Certainly, corruption is neither culture-specific nor system bound. It is ubiquitous. However, the severity and its devastating impact vary from one system to the other (Lawal and Oladunjoye, 2010). The impact is undoubtedly more severe and devastating in the developing world with a weak economic base, fragile political institutions and inadequate control mechanisms. Nigeria today is at a critical stage since independence. The country faces a severe crisis in its economic, social and political development that is not unconnected to the problem of pandemic corruption (Agada and Atelhe, 2014). The manifestations of the crises are clear, the remedies much less so. Therefore, for a country awakening to democracy after long years of military authoritarianism, endemic corruption and stupendous wastage pose greater challenges. Since 1999 when the country returned to civil rule, there is no doubt that corruption has been the bane of democratic stability and survival. News about corruption is no longer stunning (Agada and Atelhe, 2014). This vindicates consistent rating of Nigeria by Transparency International (TI), the global watchdog on corruption, as one of the most corrupt nations in the world. All anti-corruption strategies by the various successive governments have had trifling impacts. The pathological effects of corruption are democratic instability, low level of governmental legitimacy, voracious poverty, infrastructural decay, electoral crisis, contract killing, political assassination, insecurity and generally, developmental problems- have been very devastating. Regrettably, those who claim to be the right physicians, as the previous and current revelations have shown, have come out as patients (Preye, 2011).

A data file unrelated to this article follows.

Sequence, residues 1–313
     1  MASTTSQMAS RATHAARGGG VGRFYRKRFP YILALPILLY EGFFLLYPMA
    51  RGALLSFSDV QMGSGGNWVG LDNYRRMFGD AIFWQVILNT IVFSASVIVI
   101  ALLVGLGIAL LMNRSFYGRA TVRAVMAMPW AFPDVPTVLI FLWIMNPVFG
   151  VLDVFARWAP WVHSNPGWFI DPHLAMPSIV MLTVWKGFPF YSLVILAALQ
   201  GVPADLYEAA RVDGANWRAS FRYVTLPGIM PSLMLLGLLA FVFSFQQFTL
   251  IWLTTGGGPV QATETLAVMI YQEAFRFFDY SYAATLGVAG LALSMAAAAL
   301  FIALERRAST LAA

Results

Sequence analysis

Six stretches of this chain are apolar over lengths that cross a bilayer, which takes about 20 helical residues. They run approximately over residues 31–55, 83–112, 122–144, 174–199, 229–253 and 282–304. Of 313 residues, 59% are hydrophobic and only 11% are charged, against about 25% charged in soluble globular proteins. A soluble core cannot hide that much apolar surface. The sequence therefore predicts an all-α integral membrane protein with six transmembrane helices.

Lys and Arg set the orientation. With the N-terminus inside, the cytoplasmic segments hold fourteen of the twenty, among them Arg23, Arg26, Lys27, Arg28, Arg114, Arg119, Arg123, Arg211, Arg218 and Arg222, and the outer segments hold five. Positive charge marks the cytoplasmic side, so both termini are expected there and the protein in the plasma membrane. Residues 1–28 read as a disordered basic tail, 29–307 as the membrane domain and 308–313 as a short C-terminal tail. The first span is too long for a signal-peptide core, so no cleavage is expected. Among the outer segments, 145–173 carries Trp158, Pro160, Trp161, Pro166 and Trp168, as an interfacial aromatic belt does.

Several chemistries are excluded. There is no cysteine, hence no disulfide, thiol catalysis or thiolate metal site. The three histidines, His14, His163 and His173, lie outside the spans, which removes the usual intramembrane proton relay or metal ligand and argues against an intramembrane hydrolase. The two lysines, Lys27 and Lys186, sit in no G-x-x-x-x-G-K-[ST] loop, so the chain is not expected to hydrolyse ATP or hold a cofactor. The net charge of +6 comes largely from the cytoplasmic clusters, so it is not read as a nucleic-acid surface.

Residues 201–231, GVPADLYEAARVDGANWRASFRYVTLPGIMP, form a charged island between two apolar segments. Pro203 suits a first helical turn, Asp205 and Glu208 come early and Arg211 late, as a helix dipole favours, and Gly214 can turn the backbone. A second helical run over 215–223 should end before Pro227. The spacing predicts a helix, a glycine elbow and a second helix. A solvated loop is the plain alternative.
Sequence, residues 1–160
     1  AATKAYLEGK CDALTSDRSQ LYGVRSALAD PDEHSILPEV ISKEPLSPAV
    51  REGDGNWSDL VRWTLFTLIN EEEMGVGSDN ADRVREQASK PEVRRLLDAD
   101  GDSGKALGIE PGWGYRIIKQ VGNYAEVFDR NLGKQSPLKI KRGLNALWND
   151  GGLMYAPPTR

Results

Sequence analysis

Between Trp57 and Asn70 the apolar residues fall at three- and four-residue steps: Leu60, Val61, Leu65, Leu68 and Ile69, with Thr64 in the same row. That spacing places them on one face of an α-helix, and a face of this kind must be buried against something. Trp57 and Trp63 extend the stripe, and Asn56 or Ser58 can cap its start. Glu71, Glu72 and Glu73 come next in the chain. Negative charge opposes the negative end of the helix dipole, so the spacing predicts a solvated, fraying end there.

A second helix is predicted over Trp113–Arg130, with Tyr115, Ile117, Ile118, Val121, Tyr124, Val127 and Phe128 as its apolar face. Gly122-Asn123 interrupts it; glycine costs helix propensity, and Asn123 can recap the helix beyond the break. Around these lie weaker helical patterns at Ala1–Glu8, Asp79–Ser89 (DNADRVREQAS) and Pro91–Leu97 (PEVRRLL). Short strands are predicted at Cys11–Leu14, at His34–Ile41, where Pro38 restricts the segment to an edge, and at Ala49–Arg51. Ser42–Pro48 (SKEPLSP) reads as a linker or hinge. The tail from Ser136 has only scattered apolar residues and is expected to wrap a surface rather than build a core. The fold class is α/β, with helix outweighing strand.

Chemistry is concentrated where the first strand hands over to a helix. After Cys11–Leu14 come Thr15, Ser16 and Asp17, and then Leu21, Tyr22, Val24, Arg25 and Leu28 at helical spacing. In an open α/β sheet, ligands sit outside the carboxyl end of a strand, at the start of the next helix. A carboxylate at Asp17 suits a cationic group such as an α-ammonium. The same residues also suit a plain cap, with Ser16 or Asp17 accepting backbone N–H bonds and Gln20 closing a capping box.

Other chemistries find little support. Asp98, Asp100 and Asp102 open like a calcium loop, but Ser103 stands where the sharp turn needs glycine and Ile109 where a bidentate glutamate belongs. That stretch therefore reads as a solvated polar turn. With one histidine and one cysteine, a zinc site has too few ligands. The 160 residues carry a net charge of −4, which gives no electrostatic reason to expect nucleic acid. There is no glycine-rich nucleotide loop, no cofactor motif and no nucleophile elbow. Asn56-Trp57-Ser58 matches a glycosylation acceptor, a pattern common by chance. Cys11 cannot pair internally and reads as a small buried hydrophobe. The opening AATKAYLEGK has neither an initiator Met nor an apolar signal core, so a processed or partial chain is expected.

The existence of political corruption in a democratic society (Nigeria inclusive) is perceived as an aberration. This is because the actual practice of democratic principles rest squarely on the legal code of society. Thus, the existence of high incidence of political corruption tends to have more serious consequences on democracies more than any form of government (Mark, 2007). This is so because it poses dangerous omen to the principles of democracy. There is a strong consensus among scholars that suggests that political corruption does no good to democracy. Consequently, political corruption erodes and corrodes the meaning, mechanisms and the very essence of democracy. Again, political corruption breaks the link and people’s power to influence collective decisions, contribute input into the system, affects voting pattern, generates general apathy for meaningful participation (Mark, 2007). By way of extending the argument from the foregoing, since political corruption is a deviant behavior that inhibits the rules and tenets of democracy, it also poses dangerous threat to the consolidation and objectives of democracy in Nigeria. Hence this study is poised to examine the effect of political corruption on national development.